The European Union has been keeping an eye on Facebook, especially after the company provided the investigators with misleading or false info.
The commission has been trying to establish whether Facebook’s purchase of WhatsApp is legal. More precisely, the company bought WhatsApp with $19 billion in 2014. If it turns out that this acquisition was illegal, and that the company gave the investigators incorrect info, Facebook could get a fine of roughly one percent of its global revenue in 2014.
It means that the tech giant will lose $200 million. Margrethe Vestager, the Europe’s competition chief, says that the company failed to match the individual accounts with the WhatsApp accounts of every user.
Earlier this year, the tech giant announced that it would start sharing users’ info between the two services. Vestager underlines that this announcement was more than controversial because Facebook didn’t do the same thing when it tried to obtain EU’s approval to purchase WhatsApp.
Vestager explains that every large company must provide the European Commission with accurate info during an investigation. By respecting this obligation, the company proves that it is willing to cooperate.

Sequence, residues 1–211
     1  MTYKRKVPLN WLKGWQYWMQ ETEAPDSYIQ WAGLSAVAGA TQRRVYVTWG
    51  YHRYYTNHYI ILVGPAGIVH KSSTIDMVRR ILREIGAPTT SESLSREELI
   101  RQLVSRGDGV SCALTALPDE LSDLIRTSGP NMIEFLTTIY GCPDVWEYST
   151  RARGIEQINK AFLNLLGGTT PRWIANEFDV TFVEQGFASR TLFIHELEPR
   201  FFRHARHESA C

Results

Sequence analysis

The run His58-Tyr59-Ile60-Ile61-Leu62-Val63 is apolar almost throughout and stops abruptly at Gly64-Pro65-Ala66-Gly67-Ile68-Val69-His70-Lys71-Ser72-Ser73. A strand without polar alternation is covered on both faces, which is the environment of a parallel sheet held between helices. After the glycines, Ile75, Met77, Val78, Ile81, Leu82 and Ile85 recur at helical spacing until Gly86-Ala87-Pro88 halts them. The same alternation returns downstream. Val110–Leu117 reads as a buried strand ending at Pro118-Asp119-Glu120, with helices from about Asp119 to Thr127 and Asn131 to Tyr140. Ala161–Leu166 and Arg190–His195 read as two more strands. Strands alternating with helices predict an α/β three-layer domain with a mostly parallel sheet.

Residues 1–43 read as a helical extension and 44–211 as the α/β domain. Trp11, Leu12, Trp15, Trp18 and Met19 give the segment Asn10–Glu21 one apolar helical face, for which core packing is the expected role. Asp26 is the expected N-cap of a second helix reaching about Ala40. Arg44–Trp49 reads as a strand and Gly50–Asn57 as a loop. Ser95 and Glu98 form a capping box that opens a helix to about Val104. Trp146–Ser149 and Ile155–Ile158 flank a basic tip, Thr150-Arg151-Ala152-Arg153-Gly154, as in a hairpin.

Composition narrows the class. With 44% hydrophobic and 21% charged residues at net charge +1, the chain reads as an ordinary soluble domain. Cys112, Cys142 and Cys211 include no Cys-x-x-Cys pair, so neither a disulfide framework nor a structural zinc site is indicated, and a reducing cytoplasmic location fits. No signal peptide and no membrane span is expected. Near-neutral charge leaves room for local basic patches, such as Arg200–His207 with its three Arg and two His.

In Facebook’s case, the investigators believe that there is something the company wanted to hide about its 2014 purchase. However, a Facebook spokesperson said that the company did nothing illegal. Also, the officials claim that they provided accurate info regarding their technical plans and capabilities.
They further added they would not interfere with the European Commission’s investigation. In other words, the company is either bluffing, or it’s sure that the investigators will come to the conclusion that Facebook did nothing illegal and that it didn’t provide misleading or incorrect info.
It is worth mentioning that Germany requested Facebook and several other social media platforms, such as YouTube, and Twitter, to remove any terrorist and aggressive story in maximum 24 hours.
Although these giant tech companies have designed their own plans to address this issue, the European Commission will not rest until Facebook proves that the WhatsApp acquisition was legal.
It is true that Facebook had tremendous profits and revenues over the past few years, but the investigators don’t care that the company is so successful as long as it might threaten the safety of 500 million people living in the EU jurisdiction.
Image source: Sipse